The attempts to prevent Punjab farmers from entering the national capital, to protest against the recently enacted farm laws by the Centre, could escalate into a major confrontation between the two neighbouring states. The decision of the Haryana government (which was reversed on Friday) to seal its borders, in order to deny free passage to the agitators, was not in the interest of either of the states, as well the democratic traditions which have been followed in this country so far. The entire issue has been poorly dealt with by the Centre, which should have taken the initiative in addressing the grievances, or at least commencing a dialogue with the kisan leaders. The Haryana farmers as well as those from western Uttar Pradesh, are equally anguished, and it is evident that the state government’s action could be totally counter-productive, and needlessly impact the stability of the Manohar Lal Khattar dispensation.
The sealing of the borders had resulted in a spat between the two Chief Ministers, with Captain Amarinder Singh condemning any kind of coercion on farmers, who had not violated any law to go to the national capital. There are several outstanding issues which have strained the relations in the past between the Haryana and Punjab governments. The demand for Chandigarh as the state capital and the contentious matter of the Sutlej-Yamuna link canal were used by vested interests to foment trouble during the period of heightened militancy in the border state. If politics comes into play, these issues would crop up again, thereby disturbing the peace and harmony with which the people of the two regions, once a part of larger Punjab, have existed. Pakistan has always been looking for opportunities to create problems in the sensitive states, and any kind of nefarious designs should not be allowed to succeed.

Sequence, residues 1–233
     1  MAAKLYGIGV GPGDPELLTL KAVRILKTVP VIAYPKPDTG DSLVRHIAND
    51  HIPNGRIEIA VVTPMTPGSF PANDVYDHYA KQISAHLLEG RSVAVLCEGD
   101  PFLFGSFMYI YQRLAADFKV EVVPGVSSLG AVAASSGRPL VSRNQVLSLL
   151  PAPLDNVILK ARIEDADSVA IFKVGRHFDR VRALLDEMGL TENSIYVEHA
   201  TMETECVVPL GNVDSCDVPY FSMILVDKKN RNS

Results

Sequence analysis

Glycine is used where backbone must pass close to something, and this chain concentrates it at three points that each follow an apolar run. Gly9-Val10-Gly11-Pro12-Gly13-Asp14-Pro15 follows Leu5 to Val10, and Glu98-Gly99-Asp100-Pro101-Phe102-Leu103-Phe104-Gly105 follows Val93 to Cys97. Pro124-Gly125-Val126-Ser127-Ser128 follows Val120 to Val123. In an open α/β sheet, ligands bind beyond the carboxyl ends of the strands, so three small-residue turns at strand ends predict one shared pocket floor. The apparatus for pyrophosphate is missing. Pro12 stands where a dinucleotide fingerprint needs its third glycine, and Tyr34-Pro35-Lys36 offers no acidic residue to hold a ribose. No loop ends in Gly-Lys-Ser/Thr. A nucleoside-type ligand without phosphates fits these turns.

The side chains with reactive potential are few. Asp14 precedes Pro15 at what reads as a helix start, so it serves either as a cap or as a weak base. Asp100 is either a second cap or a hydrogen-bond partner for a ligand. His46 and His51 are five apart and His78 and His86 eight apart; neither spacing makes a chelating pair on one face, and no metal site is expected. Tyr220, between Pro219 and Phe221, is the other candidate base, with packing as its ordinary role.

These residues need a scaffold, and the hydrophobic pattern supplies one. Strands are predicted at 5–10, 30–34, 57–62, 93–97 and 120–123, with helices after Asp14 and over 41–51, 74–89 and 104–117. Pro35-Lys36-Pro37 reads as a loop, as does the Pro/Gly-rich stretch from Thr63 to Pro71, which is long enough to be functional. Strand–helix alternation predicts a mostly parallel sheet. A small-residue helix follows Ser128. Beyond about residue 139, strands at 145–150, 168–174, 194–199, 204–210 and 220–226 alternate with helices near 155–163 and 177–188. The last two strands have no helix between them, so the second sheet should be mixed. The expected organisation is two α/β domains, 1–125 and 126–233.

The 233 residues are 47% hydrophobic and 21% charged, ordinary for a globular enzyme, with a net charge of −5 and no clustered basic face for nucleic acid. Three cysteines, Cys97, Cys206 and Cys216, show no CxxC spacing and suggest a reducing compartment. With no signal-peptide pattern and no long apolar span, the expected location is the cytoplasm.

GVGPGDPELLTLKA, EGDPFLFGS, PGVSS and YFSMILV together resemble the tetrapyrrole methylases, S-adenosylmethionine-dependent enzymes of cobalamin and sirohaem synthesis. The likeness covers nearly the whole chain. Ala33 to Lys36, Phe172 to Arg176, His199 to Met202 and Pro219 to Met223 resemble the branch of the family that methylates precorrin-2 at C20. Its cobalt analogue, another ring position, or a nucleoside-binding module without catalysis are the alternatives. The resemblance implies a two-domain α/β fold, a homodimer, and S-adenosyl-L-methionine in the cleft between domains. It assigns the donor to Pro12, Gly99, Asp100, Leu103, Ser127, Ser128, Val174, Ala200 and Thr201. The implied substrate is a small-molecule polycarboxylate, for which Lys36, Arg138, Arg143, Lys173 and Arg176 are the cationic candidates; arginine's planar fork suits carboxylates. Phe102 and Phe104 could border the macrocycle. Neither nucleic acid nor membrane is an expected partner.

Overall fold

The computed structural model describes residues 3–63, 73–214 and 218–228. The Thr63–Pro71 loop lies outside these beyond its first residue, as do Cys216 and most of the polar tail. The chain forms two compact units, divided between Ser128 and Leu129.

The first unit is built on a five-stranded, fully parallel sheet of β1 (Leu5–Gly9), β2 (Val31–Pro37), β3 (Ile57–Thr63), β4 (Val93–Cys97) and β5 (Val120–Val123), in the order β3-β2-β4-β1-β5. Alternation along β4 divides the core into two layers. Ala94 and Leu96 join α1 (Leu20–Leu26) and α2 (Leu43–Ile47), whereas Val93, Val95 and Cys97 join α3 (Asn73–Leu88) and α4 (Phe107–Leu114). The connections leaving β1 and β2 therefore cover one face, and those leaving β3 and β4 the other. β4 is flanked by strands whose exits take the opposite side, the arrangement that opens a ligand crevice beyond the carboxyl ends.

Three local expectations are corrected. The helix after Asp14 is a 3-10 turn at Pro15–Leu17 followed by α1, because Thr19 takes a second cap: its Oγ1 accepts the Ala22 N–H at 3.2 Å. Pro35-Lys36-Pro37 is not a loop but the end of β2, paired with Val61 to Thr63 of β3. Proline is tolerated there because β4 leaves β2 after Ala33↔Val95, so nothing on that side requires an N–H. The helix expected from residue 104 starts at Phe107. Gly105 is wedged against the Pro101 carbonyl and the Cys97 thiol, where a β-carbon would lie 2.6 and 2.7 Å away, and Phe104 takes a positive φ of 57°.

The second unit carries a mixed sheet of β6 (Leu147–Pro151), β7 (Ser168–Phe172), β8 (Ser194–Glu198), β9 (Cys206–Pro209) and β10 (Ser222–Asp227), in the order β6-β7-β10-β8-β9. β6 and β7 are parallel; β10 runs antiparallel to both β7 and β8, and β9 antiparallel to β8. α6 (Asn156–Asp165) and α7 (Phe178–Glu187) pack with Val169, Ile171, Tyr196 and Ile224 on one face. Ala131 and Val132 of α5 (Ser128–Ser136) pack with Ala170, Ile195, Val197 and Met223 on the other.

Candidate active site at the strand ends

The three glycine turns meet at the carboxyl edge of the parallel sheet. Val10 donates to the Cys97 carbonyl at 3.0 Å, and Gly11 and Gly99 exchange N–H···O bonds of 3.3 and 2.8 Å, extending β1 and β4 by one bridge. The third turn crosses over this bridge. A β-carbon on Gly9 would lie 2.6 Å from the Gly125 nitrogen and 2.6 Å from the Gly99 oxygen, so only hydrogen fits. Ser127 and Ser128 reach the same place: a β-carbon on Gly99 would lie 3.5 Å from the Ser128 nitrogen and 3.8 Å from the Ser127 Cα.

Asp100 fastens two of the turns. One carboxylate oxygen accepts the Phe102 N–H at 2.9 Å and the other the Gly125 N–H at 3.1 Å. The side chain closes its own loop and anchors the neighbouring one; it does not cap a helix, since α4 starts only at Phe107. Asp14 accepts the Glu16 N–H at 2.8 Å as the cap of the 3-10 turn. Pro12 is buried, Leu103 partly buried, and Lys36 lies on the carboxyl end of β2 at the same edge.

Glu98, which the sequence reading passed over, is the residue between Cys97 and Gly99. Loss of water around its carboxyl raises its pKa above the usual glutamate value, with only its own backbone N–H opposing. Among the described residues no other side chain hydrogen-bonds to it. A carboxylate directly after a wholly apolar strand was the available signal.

There are indications that the Haryana government took the decision of thwarting the farmers› march at the behest of the Centre. If it is so, whoever sent the suggestion was himself ill-advised. It was only some days ago that the Punjab CM had directly intervened to convince the farmers to lift their rail blockade, which was affecting supplies as well as passenger traffic to another sensitive area of Jammu and Kashmir. This gesture of goodwill by the farmers should have been reciprocated by the Centre in the same spirit. There is no reason why the farmers cannot be given assurances which would assuage them and go a long way in withdrawing the agitation.
Former Prime Minister Lal Bahadur Shastri had during the peak of the India-Pakistan conflict in 1965, equated the farmers with our soldiers by coining the slogan, “Jai Jawan, Jai Kisan”. He realised that both segments contributed to the overall security of the nation. Farmers by giving us food security and the Jawans by protecting us from our enemies. When the Centre deals with the farmers, the basic fact should never be forgotten that they are our valued citizens, and not pawns in any political game. If political parties are backing their demands now, it is solely because there is realisation that they are genuine concerns. This situation would never have arisen if the Centre, while preparing the draft of the farm bills, had taken the representatives of the farming community on board.
Larger consultations always lead to more acceptable solutions. There should be no more delay and the Centre must not allow matters to deteriorate. Laws gain sanctity if they are backed by rationale and reason which are not in variance with the ground realities. The dialogue must begin.